We have to ask ourselves whether the Government has decided to repudiate the Henderson Commission's approach to poverty. Is the Government no longer interested in the problems of poverty? Does it not accept the figures as to the extent of poverty in Australia as set out by Professor Henderson in his interim report? If it accepts the figures which show the very great amount of poverty and the extent of the problem why has no action been taken?


Senator McLaren - What government was the cause of those conditions?


Senator BAUME - That is quite irrelevant. We are looking at what is being done by this Government and the answer is that nothing is being done. We can look around to find what other people have had to say about this Government's efforts in the field of social welfare, particularly in the last Budget and the Bill before us. The Australian Council of Social Service is a very respected body which makes many submissions.


Senator Button - Hear, hear!


Senator BAUME - I thank Senator Button for his agreement. The Australian Council of Social Service makes submissions on many matters of social importance and speaks generally with a responsible and moderate voice. It issued a Press statement after the Budget, on 20 September 1974, over the signature of the SecretaryGeneral, Edward J. Pennington. The Council said:

The Budget as a whole, however, is another piecemeal approach to the question of social development and shows once again the need for an economic and social planning unit.

We certainly see nothing in this Bill to give any hope that the Government has a commitment to the proposals put forward by Professor Henderson. I hope that when his final report comes down it is given a better hearing and that more action follows. ACOSS goes on about some of the other effects of the Budget and has some detailed comment to offer about the Government's proposal to tax income from rental property. It points out quite correctly that the people in receipt of social service benefits are the people paying rent. They are the people likely to be especially disadvantaged by the proposed tax because their rents will rise and there will be a disincentive to people to invest in building accommodation for rental. Therefore the stock of housing is not likely to increase appropriately. ACOSS goes on to comment that the Government's offer to increase supplementary assistance is supposed to help people in a rental situation and adds:

Further, the $ 1 increase to the supplementary benefit is completely inadequate, particularly in times when rents are rising quickly.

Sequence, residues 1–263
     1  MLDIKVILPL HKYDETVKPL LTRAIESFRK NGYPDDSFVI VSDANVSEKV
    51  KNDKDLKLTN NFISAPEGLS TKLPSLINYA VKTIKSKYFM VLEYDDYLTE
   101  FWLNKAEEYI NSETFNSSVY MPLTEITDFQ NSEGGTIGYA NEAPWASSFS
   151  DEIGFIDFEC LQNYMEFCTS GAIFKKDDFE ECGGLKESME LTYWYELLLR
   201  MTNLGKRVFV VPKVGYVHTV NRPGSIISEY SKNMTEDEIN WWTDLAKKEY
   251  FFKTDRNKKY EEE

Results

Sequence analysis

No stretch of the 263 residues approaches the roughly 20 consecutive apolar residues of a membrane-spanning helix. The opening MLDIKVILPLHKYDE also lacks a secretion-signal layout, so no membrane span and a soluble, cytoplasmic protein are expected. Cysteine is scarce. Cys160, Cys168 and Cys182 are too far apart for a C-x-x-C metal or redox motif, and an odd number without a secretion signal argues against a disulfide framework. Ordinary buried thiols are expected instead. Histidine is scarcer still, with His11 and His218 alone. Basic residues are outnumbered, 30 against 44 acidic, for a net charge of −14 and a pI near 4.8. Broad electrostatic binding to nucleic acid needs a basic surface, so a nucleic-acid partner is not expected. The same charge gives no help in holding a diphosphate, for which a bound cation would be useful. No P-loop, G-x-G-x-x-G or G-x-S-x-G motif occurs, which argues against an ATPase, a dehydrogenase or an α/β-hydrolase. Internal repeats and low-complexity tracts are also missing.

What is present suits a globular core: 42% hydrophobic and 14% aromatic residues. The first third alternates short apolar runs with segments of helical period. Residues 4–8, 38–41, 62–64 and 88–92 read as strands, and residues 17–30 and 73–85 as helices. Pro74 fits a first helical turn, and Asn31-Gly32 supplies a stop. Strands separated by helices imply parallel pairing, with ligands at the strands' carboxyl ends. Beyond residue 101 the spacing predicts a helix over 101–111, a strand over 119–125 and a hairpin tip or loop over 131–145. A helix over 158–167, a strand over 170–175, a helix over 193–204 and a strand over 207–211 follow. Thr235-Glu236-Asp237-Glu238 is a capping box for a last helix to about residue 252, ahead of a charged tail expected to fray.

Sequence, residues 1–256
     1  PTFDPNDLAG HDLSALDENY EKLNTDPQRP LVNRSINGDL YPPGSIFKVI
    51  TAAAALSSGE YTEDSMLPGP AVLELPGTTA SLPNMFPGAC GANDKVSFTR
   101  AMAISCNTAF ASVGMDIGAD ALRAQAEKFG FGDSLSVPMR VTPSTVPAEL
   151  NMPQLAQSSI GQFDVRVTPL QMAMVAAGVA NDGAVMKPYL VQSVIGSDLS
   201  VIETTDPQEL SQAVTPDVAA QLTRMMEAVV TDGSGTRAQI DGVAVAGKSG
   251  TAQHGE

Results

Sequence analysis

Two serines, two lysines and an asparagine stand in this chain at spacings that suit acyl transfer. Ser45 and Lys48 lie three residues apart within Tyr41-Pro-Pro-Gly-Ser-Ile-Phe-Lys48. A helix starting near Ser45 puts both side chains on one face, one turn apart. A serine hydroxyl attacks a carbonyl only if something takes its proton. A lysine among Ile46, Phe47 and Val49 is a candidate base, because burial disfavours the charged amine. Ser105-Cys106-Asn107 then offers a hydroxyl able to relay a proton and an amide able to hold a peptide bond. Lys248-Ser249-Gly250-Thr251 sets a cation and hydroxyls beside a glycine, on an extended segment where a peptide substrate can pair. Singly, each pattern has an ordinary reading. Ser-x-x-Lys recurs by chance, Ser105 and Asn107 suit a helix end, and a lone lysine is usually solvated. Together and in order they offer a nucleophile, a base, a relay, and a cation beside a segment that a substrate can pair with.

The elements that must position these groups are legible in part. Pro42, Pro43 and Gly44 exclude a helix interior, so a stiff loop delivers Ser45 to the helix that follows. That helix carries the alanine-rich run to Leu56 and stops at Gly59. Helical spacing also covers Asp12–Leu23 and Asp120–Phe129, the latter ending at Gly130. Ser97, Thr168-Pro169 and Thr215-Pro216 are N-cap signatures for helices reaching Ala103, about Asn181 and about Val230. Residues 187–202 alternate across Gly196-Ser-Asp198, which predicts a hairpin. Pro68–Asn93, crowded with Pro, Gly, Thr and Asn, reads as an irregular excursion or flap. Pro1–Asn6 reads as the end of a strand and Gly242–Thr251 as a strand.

That is the story of the Social Services Bill. It is inadequate in its scope, its provisions and amount.


Senator Jessop - It is too little too late.


Senator BAUME -That is so. The ACOSS report finally comments on the Budget:

Thus although ACOSS welcomes the initiative that the Government has taken in several broad areas of social welfare it feels that the Budget has done little to help the ordinary person on a low income struggling to make his way in an inflationary society. In particular the present beneficiaries and the lowest income groups renting a home have received little help.

There is nothing in this Bill to make the Government proud. It has done the absolute minimum in terms of making any progress on the broad canvas of social welfare policy. This Bill has totally failed to achieve its aim. It is nothing more than window dressing. It provides nothing to attack any of the deep-seated problems, and I think it is shameful that it so completely ignores the recommendations of the Henderson Commission which were given in detail. It is a tragedy that so little acknowledgement was given to this report when the Budget was brought down.

Naturally I will support the Bill, because any benefits that flow are benefits that we will welcome. I also support the amendment moved by Senator Guilfoyle because it so obviously refers to an area of need not being met. I plead with the Government to accept this amendment and to try to extend these kinds of benefits to the group of people for whom Senator Guilfoyle has spoken so that we can do something at least to raise the level of this Bill to something decent and acceptable.